Roughly 8 percent of American teens identify as LGBT+, according to the Centers for Disease Control and Prevention, although other research points to a significantly higher percentage. Within those numbers are a wide array of gender identities and expressions, from bi to pan to genderqueer.
For the parents of today's adolescents, "the talk" is a lot more complicated than it used to be. With a rapidly evolving landscape of identities and ways to describe them, and a generation that views terms such as "gay" and "straight" as old-fashioned, are today's parents ready?
"Parents who have experience with friends or family members may feel a bit more comfortable having this conversation than those who don't have personal experience, but a large set of us parents may feel naive and unsure about how to talk to our children about these topics," she says.
Teens today may feel empowered to "come out" because of increased visibility of the LGBT+ community and greater acceptance from family and friends than in the past. This broader acceptance may also provide teens a safe space to experiment with their identity before they discover their true selves. Either way, it's important for parents to ask open-ended questions, admit when they don't understand and ask how they can demonstrate love and support for their child.
Dr. Hartsfield offers a few tips for parents:
Ask, and be ready for any answer
"Be willing to listen," says Dr. Hartsfield. "Oftentimes we try to give solutions when what we really need to do is hear how they are feeling."
Admit when you don't understand
"We should be honest about our feelings of inadequacy or discomfort with the discussion by saying things such as 'I really don't know what that means, can you help explain that to me?' or 'How can I support you?'" she says. "Sometimes, kids just need to know that there is a safe place to discuss this."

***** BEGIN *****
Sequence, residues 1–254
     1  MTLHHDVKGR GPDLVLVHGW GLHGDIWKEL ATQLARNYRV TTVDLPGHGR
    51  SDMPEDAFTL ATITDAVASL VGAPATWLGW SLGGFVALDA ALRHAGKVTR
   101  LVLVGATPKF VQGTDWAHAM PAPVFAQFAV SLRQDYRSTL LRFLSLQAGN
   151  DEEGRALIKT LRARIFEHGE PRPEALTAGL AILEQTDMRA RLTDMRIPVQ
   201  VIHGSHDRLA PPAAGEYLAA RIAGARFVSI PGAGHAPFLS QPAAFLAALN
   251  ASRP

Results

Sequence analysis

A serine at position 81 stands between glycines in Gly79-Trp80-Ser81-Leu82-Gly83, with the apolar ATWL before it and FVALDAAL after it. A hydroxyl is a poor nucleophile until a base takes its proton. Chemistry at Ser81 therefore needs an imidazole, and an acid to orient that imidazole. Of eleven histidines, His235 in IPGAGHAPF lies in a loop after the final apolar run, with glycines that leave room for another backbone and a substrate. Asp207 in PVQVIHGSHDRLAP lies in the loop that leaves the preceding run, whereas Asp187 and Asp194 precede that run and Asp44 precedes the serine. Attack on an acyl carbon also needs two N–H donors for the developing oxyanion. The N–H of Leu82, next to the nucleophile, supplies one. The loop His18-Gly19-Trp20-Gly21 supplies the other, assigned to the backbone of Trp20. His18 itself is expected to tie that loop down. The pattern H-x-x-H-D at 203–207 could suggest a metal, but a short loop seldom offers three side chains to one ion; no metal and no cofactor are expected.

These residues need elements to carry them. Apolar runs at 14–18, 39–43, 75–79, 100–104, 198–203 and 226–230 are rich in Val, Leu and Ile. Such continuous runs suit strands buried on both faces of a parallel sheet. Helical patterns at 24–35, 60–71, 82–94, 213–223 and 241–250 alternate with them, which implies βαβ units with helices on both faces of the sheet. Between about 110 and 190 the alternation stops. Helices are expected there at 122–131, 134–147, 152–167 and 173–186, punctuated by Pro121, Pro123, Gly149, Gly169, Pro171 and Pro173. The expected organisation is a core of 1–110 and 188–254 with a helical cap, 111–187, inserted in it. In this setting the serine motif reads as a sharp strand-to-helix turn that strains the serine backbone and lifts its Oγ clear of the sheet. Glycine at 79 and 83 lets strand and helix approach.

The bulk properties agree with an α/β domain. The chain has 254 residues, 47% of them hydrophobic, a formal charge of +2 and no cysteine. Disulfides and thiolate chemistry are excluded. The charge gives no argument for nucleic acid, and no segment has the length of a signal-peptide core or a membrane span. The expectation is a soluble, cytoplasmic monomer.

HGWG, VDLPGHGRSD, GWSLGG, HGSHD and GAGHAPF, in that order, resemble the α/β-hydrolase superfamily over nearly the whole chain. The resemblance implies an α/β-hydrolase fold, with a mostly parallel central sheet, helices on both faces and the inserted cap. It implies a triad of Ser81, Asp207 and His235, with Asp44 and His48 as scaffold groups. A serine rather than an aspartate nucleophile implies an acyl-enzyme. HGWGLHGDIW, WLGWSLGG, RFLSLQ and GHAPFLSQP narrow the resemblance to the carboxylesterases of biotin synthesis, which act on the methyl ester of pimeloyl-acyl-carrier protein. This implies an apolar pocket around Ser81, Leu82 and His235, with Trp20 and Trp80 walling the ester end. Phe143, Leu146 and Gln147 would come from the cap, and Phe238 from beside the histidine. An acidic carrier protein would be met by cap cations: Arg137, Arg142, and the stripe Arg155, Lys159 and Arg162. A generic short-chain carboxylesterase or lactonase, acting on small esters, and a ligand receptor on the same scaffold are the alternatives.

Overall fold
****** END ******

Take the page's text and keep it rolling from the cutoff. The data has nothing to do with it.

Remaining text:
Lead with love
Parents may hold religious, cultural or moral beliefs that make conversations around identity challenging. However, "our role as parents is not necessarily to agree with our kids but to provide them with love," says Dr. Hartsfield. "Our role as parents is to provide love and acceptance as they work to understand their identity. We must focus on providing support whether we agree with our children's choices or not."
Be ready to learn, and to get it wrong
The way teens today describe gender identity and sexuality is very different than for previous generations. Parents need to do their research.
With so much new information coming out, parents need to stay informed to better understand new terminology, says Dr. Hartsfield. She recommends that parents with questions use online resources such as HealthyChildren.org, a website published by the American Association of Pediatrics.
"And don't be afraid to get it wrong sometimes," she says. "Sometimes we avoid a subject because we aren't quite sure what to say about it. Some of my best teaching moments with my own children have been when I said to them, 'that didn't come out quite correctly, will you forgive me and help me understand?'"
Trust your child's doctor
Your child's doctor is a resource for questions they are too embarrassed to ask you — but the doctor is also a resource for you. "If a parent feels uncomfortable about the topic, a pediatrician can support the parent and help them broach the topic," says Dr. Hartsfield.
For parents who are struggling with acceptance of their child's identity or if a patient is struggling, Dr. Hartsfield recommends seeing an experienced counselor. "It's helpful to have an ongoing discussion about identity, what this means, how this affects their day-to-day life and what this looks like for their future," she says.
For the news media: To talk with Dr. Jershonda Hartsfield about how parents can talk with their teens about gender and identity for an upcoming story, contact Erica Carlson, senior public relations specialist, at firstname.lastname@example.org.